contribution of roads to stream sedimentation, and had already begun experiments to measure the erosion rates of various logging practices. A two- decade experiment begun in 1952 in three adjacent watersheds in a rugged region of western Oregon documented that a clearcut area using "high- lead" cables instead of roads to lift the logs out averaged three times the erosion rate of the adjacent undisturbed watershed, while the roaded and logged area averaged 109 times more soil loss than the undisturbed forest.39 But studies of this type did nothing to slow the logging.
Besides the problem of soil loss and stream sedimentation, logging affected soil productivity and forest regeneration capabilities in other ways. Exposure to the drying effects of sun and wind reduced soil moisture, often making it more difficult for seedlings to get established, especially in arid regions. Even worse, compaction from logging machinery, especially on skid roads, radically reduced soil porosity and permeability, leaving remaining topsoil in a less productive and more unstable condition. Roads caused by far the worst episodes of erosion, compaction, and productivity losses. A study by a Weyerhaeuser soil scientist and a University of Washington professor published in 1955 measured the precise changes in macroscopic soil pore space and soil permeability on logged areas of Weyerhaeuser's tree farm, and contrasted tree seedling survival and vigor on skid roads with adjacent cutover areas off the skid roads. They found that permeability was reduced 35 percent on the cutover areas and 92 percent on the skid roads, while soil pore space showed a loss of 11 percent on the cut areas and 53 percent on the skid roads. Importantly, skid roads comprised one-fourth of the total logged area on average. These studies further showed that 78 percent of seedlings survived on the unroaded clearcuts, while only half the seedlings planted in the skid roads survived. Of those that survived, 41 percent of the seedlings on the skid roads were rated "poor quality," while only 12 percent on the unroaded clearcut were rated poor.40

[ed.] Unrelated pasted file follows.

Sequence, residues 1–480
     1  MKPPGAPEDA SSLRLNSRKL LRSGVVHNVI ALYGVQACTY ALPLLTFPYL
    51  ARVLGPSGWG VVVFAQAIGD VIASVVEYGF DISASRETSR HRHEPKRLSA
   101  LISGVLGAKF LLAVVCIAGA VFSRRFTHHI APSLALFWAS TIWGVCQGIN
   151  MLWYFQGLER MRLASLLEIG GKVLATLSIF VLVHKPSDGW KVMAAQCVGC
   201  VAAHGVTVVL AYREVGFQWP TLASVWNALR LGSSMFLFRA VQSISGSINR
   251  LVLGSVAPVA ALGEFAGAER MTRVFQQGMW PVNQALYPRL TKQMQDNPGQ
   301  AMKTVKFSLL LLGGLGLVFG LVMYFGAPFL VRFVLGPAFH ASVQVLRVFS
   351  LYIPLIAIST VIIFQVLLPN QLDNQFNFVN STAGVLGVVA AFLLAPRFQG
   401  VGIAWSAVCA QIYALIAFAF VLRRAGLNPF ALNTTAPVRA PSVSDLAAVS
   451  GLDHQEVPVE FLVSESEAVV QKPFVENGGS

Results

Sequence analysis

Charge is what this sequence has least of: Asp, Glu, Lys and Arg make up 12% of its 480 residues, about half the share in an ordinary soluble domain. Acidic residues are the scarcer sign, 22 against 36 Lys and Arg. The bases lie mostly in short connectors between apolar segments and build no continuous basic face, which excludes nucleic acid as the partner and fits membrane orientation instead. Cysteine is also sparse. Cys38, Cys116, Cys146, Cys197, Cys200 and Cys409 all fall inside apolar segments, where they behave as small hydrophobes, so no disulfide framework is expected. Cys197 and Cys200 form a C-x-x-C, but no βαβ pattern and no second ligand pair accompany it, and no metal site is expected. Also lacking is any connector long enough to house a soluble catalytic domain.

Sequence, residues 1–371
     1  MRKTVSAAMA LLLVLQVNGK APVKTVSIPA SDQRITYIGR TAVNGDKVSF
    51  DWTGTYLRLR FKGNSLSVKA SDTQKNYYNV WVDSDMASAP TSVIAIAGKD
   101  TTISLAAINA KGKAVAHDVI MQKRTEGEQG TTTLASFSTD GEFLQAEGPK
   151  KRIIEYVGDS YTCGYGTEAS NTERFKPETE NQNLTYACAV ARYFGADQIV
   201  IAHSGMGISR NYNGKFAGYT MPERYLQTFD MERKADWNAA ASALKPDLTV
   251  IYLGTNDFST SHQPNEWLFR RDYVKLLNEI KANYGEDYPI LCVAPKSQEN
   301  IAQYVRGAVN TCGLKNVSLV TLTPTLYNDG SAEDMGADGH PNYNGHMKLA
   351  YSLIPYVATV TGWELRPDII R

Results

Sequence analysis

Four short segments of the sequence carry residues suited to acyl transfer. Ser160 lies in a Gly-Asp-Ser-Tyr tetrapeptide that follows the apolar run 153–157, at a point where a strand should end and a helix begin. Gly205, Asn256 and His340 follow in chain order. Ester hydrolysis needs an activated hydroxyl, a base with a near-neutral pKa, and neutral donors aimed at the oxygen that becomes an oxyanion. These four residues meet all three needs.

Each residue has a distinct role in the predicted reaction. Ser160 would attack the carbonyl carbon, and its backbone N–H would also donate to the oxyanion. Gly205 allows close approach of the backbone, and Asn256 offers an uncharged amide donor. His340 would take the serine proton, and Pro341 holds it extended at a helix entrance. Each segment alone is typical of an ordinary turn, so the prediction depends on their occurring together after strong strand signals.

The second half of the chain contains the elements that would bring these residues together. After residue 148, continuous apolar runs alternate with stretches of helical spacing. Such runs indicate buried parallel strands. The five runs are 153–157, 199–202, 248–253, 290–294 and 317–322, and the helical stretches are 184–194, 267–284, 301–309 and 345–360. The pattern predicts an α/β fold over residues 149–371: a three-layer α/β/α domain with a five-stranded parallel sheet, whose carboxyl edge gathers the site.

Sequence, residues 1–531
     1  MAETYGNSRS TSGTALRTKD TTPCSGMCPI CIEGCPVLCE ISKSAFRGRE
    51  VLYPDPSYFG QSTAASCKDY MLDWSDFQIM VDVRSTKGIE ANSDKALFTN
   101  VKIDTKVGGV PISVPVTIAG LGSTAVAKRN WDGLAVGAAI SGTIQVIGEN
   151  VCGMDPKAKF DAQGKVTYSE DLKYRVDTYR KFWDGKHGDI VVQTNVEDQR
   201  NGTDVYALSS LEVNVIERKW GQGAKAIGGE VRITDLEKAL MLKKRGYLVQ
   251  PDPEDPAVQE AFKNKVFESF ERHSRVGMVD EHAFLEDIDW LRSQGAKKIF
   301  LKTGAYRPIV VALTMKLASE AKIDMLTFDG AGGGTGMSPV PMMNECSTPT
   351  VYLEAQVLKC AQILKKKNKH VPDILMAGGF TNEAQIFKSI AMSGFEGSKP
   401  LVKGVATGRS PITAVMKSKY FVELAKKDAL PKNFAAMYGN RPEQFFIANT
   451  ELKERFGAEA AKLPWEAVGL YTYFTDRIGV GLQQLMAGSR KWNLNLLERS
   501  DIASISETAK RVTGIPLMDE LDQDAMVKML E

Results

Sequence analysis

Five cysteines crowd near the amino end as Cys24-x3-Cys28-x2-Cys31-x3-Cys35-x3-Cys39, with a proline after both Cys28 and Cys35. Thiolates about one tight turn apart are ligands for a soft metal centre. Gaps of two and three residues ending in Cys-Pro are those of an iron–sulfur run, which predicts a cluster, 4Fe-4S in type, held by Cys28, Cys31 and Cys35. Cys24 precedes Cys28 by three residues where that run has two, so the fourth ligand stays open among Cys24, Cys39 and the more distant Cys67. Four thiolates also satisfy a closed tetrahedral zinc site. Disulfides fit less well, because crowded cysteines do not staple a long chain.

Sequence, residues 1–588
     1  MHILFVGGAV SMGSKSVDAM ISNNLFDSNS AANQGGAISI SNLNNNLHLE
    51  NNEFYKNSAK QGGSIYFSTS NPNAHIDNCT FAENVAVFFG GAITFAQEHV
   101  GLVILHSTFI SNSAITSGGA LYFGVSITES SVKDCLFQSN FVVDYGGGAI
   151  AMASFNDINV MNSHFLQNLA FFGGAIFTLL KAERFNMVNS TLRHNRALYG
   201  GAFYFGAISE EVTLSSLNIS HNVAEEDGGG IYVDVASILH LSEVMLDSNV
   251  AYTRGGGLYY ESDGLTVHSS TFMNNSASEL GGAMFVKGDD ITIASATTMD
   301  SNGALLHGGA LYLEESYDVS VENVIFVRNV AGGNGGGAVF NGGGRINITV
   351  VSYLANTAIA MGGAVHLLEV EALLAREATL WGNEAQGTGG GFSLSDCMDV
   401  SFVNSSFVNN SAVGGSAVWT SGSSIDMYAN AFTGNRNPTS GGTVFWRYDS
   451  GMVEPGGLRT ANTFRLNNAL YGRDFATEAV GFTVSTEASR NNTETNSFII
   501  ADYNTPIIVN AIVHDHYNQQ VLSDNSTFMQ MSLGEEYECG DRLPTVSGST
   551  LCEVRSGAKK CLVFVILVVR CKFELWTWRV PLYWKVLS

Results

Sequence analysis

Willis Evans argued in his presentation to the SAF in 1959 that managing for high yield production under the profit motive did not protect the public interest in forests -- unless profit and wood production were defined as the sole public interest. On both private and public lands, he warned, "Too often the immediate economics of a situation rather than sound long-range con-